The USA made an unpleasant holiday gift for Turkey



Ankara has responded to the resolution adopted by the House of Representatives

On Tuesday, October 29, Turkey celebrated Republic Day. And for this holiday, the United States presented Ankara with unpleasant “gifts.” First, the House of Representatives adopted a resolution recognizing the Armenian Genocide, then the congressmen supported the resolution on imposing anti-Turkish sanctions with an absolute number of votes. What is behind these actions of American lawmakers?



Photo: AP


The resolution on the Armenian Genocide in the Ottoman Empire, adopted by the House of Representatives (405 votes in favor, with 11 against, with both Democrats and Republicans voting for it), is advisory in nature, but it can seriously complicate relations between Washington and Ankara, where they react extremely painfully the politicization of tragic historical events related to the period of the First World War.





The reaction of the Turkish side was not slow to manifest. A statement by the Turkish Foreign Ministry said that the adoption of the resolution threatens to damage bilateral relations at “extremely fragile times” for international and regional security: “This resolution, which was obviously prepared and adopted for domestic consumption, is devoid of any historical or legal basis.”

It is worth recalling that back in 2014 at that time, Turkish Prime Minister Erdogan expressed condolences to the descendants of the Armenians killed during the First World War by Ottoman soldiers. In his statement, Erdogan described the events of 1915 as “inhumane” and called for dialogue between the Turks and Armenians, proposing the creation of a historical commission to study the circumstances of the killings of Armenians in the Ottoman Empire. At the same time, the head of the Turkish government did not use the concept of “genocide”.

For his part, shortly after his election as US President, Donald Trump in 2017 mentioned the killings of Armenians in the Ottoman Empire as “one of the worst mass crimes in the 20th century”, but he also refrained from using the word “genocide”. His predecessor, Barack Obama, on the eve of the 2008 elections promised to recognize the genocide, but this was not done in the two terms he spent in the White House. Several attempts were not made to launch an appropriate legislative initiative in the American Congress. And it’s understandable why: Washington couldn’t ruin its relations with its traditional ally and most important regional partner.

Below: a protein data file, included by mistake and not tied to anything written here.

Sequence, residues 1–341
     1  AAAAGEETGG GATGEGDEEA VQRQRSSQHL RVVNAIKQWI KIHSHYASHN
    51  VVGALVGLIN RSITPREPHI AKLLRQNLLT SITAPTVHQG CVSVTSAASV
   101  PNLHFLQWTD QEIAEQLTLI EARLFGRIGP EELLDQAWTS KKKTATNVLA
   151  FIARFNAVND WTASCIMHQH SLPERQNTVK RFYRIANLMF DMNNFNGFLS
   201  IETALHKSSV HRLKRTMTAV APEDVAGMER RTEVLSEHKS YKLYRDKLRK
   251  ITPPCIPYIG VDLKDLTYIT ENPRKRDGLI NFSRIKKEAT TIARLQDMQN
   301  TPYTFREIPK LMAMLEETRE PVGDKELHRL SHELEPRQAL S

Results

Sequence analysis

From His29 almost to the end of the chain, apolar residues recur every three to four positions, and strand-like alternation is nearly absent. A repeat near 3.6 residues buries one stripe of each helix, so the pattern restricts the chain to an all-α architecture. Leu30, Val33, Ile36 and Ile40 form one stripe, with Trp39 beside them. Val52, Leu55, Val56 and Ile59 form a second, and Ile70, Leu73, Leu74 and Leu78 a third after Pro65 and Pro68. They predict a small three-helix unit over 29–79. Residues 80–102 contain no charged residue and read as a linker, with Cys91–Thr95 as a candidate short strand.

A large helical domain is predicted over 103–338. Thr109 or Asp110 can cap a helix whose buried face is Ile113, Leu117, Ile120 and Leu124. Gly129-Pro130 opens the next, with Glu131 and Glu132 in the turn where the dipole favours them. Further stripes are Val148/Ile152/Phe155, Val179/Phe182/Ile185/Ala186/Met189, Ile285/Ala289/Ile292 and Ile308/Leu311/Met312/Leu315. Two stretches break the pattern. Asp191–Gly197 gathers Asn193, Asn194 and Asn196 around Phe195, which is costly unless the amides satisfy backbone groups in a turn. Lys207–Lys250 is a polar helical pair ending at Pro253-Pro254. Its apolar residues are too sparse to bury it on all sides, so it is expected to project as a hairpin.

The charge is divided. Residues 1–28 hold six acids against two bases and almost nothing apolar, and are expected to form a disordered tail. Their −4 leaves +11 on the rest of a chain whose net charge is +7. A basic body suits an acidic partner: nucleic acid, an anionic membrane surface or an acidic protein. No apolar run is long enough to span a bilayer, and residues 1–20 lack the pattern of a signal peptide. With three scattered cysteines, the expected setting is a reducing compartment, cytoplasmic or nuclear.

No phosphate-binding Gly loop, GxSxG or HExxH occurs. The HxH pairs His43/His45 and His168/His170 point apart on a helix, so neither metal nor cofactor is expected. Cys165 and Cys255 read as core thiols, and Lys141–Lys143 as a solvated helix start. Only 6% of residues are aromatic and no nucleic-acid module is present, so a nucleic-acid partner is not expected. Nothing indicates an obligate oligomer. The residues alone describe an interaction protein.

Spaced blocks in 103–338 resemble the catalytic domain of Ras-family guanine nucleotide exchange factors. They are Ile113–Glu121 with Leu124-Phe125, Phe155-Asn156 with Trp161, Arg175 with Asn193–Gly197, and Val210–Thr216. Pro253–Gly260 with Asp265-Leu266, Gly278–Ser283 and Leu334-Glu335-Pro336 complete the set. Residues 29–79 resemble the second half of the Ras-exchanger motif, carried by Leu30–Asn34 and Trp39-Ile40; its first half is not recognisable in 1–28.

Now the situation has changed. The alliance between the USA and Turkey, which seemed so strong, gave several cracks. This is Ankara’s purchase of Russian S-400 complexes, and the operation directed primarily against Kurdish troops in the north of Syria, and Erdogan’s discontent with the fact that the States refuse to give him his sworn enemy living in America Fethullah Gulen. So, apparently, those who view the vote in Congress as an instrument of pressure on the obstinate ally are right.

Soon after the genocide vote, the House of Representatives overwhelmingly voted (403 “for”, 16 “against”) and voted in favor of a resolution on sanctions against Turkey due to its military operation in northern Syria. And this despite the fact that just a week before, Donald Trump ordered that all anti-Turkish restrictive measures introduced on October 14 in response to her operation in Syria be lifted. Then it was stated that the heads of the Turkish Ministry of Defense, the Ministry of Energy and the Ministry of Internal Affairs were being withdrawn from the sanctions.

Serious bilateral complications in connection with the sanctions and the resolution on the Armenian Genocide in the Ottoman Empire most likely does not mean a fatal collapse of Turkish-American relations. Moreover, the House of Representatives is still not the White House. So the two countries remain NATO allies and strategic partners, albeit suspiciously, without undue sympathy, looking at each other. However, the ongoing cooling between Washington and Ankara may further push Turkey to seek new alliances (at least situational), at least with Russia.





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